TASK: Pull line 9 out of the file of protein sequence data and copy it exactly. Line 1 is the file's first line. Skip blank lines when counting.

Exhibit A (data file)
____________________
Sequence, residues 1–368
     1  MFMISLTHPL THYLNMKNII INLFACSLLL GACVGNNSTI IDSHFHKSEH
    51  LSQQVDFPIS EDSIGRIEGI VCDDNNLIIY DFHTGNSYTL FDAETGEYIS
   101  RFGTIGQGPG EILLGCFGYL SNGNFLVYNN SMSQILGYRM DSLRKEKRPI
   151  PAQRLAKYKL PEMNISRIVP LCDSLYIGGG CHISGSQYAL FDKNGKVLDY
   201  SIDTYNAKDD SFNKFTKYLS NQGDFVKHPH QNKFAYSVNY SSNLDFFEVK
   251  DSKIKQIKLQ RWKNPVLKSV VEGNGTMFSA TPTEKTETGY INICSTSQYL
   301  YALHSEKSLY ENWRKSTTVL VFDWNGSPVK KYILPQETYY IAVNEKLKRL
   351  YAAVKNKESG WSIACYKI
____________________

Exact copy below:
   351  YAAVKNKESG WSIACYKI